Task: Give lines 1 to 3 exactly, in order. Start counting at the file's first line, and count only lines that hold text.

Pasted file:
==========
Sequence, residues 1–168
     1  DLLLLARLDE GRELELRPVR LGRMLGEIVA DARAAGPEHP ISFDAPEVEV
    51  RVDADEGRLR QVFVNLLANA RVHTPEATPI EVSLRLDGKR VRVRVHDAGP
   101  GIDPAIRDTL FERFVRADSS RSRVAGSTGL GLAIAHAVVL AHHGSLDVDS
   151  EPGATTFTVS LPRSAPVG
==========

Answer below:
Sequence, residues 1–168
     1  DLLLLARLDE GRELELRPVR LGRMLGEIVA DARAAGPEHP ISFDAPEVEV
    51  RVDADEGRLR QVFVNLLANA RVHTPEATPI EVSLRLDGKR VRVRVHDAGP